Skip Navigation LinksMy Argus / News / News Story

Trump victory invigorates coal industry

09 Nov 2016 19:54 GMT
Trump victory invigorates coal industry

Washington, 9 November (Argus) — Donald Trump's surprise victory in the 8 November presidential election has invigorated a battered US coal industry that now sees a real chance to block what producers view as detrimental energy and climate policies advanced by President Barack Obama.

Trump, a Republican, has vowed to advance an "America First" energy plan that will expand the US's role as a producer of coal, oil and gas. To revitalize the US coal sector in particular, he has promised to gut the Environmental Protection Agency's (EPA) Clean Power Plan, eliminate the Interior Department's moratorium on federal coal leasing and invest in clean coal technology. The president-elect will have ample opportunity to pursue these goals, since his agenda likely will be supported by Republican majorities in the House and the Senate.

Not everyone is convinced that a major US coal market turnaround will follow. But coal company stock prices soared today, and producers and industry associations praised Trump's victory over Democrat Hillary Clinton.

Trump's election is "a great day for America," Murray Energy chief executive Bob Murray said. Coal associations and other industry executives agreed.

The Pennsylvania Coal Alliance said it "firmly supports … Trump's commitment to eliminate unnecessary regulations that have restricted the growth and competitiveness" of the sector.

Just a few weeks ago as Clinton led most election polls, industry members were bracing for another Democratic administration, which would likely have solidified President Barack Obama's regulatory agenda. Clinton had vowed to defend the Clean Power Plan, meant to reduce CO2 emissions from power plants, and to work to help the US comply with the Paris climate accord reached last December.

But now that Trump is poised to take office in January, all of Obama's initiatives are on the table.

Trump "is not going to dismantle the EPA, but he is going to substantially reduce its influence and power," said James Van Nostrand, director of the Center for Energy and Sustainable Development at West Virginia University.

The new president will be able to appoint new administrators of key regulatory agencies who are likely to be more sympathetic to fossil fuel interests.

"There are very few people in the coal industry who will miss (EPA administrator) Gina McCarthy," Armstrong Energy executive chairman Hord Armstrong said today. He also heralded the potential of a new leader of the US Mine Safety and Health Administration.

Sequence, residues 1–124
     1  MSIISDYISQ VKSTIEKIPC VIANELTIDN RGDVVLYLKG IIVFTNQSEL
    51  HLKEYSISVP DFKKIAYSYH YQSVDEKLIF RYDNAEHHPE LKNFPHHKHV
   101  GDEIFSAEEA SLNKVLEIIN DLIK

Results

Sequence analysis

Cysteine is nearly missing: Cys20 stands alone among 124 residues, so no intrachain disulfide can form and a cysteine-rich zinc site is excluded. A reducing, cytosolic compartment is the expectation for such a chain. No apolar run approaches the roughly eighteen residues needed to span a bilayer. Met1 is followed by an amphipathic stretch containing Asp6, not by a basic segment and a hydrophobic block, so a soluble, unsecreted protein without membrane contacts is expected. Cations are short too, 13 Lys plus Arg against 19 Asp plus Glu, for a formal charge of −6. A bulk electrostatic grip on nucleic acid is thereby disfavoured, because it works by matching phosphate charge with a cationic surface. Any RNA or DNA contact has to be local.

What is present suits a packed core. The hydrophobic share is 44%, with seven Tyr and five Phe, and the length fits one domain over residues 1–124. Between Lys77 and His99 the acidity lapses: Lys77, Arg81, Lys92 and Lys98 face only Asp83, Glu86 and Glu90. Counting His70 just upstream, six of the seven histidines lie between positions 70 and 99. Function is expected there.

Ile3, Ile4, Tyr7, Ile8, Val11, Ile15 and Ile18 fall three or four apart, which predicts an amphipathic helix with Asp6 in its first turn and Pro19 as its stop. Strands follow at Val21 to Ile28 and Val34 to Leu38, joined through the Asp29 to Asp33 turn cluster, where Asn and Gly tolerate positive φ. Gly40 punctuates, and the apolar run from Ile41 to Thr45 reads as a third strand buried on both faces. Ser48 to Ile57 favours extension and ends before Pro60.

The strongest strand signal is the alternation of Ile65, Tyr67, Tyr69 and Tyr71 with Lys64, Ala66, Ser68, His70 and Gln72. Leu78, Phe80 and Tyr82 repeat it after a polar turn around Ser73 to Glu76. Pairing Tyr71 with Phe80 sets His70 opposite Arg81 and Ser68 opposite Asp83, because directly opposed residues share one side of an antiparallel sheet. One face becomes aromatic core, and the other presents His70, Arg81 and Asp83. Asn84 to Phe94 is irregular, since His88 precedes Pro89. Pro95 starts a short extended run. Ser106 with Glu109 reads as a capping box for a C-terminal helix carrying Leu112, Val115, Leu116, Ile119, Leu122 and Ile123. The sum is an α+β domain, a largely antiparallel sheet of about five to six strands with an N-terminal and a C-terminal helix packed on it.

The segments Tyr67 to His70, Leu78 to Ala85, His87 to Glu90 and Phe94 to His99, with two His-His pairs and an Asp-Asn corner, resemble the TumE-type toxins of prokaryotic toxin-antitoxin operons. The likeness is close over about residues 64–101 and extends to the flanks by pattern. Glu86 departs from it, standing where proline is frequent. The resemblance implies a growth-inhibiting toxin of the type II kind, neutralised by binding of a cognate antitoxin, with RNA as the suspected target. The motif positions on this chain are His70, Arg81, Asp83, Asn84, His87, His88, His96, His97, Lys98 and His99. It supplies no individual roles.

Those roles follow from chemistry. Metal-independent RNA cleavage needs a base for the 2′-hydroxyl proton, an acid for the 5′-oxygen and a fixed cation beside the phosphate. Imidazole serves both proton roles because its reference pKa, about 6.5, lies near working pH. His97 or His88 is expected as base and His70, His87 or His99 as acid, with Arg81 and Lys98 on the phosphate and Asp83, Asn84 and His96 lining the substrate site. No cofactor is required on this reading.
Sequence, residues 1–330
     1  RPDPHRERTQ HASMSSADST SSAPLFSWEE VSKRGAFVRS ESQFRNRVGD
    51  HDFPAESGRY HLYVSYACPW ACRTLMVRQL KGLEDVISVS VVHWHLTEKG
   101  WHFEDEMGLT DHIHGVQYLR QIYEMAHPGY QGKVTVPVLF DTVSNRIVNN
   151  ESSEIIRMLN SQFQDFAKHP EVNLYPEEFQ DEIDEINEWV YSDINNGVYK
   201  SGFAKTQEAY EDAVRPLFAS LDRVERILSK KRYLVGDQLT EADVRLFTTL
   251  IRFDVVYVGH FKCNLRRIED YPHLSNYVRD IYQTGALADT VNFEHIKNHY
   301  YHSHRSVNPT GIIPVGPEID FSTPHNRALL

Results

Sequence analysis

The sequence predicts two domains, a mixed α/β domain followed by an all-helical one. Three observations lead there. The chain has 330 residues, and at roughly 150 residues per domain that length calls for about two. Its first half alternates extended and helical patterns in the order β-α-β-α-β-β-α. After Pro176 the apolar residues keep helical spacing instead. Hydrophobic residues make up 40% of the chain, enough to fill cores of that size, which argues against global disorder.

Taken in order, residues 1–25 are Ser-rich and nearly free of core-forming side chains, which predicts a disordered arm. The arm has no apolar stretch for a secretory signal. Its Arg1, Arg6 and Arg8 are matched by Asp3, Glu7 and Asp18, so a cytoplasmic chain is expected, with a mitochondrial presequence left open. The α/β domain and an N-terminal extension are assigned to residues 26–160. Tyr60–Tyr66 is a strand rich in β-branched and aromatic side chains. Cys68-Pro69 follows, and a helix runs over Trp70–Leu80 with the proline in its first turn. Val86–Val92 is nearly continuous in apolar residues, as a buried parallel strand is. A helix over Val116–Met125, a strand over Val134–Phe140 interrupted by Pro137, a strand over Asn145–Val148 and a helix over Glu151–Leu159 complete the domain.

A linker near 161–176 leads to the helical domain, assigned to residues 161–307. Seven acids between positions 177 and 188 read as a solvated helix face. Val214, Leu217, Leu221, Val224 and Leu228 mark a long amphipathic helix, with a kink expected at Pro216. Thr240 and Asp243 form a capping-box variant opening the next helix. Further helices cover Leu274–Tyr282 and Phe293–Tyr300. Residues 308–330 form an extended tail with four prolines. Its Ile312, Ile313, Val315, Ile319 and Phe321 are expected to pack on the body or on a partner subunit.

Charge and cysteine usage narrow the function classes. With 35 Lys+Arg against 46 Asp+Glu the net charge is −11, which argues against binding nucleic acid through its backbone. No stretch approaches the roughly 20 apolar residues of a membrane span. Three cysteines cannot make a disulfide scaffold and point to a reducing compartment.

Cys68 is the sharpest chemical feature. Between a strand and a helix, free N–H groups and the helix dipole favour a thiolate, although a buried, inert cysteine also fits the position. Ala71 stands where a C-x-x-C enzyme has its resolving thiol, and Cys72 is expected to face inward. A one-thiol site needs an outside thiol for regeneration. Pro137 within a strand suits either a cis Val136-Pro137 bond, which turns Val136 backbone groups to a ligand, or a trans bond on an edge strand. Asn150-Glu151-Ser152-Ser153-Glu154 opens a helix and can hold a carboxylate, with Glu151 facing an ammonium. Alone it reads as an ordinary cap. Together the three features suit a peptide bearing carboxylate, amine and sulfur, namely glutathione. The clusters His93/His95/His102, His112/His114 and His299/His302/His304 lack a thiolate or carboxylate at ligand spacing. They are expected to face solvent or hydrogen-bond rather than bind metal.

Dismantling the Clean Power Plan, which is currently before a federal appeals court, was one of Trump's biggest election promises to fossil fuels interests. He could do this by refusing to defend the rule in court, initiating a rulemaking to revise it, or rendering the plan "toothless" by failing to implement it, Competitive Enterprise Institute (CEI) senior fellow William Yeatman said. CEI's energy and environment director Myron Ebell is expected to head Trump's EPA transition team.

Allocating resources away from defending the plan is possibly the most politically appealing because it eliminates the uncertainty of a court decision and places it back in the hands of the president, Yeatman said.

At least some of the concern about the court system was also alleviated by yesterday's election result. The industry expects Trump to advance a conservative nominee to fill Supreme Court justice Antonin Scalia's seat.

Refusing to defend a previous administration's regulations is not without precedent. The Obama administration took a similar tack with changes to the stream buffer zone rule that George W. Bush's administration released shortly before he left office. After seven years of effort, the Interior Department's Office of Surface Mining Reclamation and Enforcement submitted its final rule tightening the standards earlier this year. If the rule is published before Obama leaves office, Trump may dismantle it.

The coal industry is tracking the fate of other regulations including the EPA and Army Corps of Engineers' Waters of the US rule, which expands the number of water bodies under federal regulatory purview.

But while Trump's election will likely help lift some of the pressure on the industry, it may not usher in a complete turnaround. Utilities have retired 65GW of coal-fired capacity since the start of this decade, largely to comply with new EPA rules that have already been finalized, according to a database of retirements kept by Argus.

The build out in natural gas and renewables generation has also taken a toll on coal, particularly when gas prices are low. Coal consumption for electricity generation fell to 740.9mn short tons (672.1mn metric tonnes) in 2015, an almost 29pc decline from 1.04bn st a decade earlier, according to US Energy Information Administration data. Natural gas consumption rose by 66.5pc over the same period.

"EPA is not the problem, cheap natural gas is the problem," Van Nostrand said. Many power plants that have converted to use natural gas are unlikely to switch back.

The industry may be able to eventually combat some coal-to-gas switching if Trump and Republican legislators follow through on promises to invest in clean coal technology. With a unified executive and legislative branch, previously unsuccessful efforts to throw the coal industry a lifeline may take hold.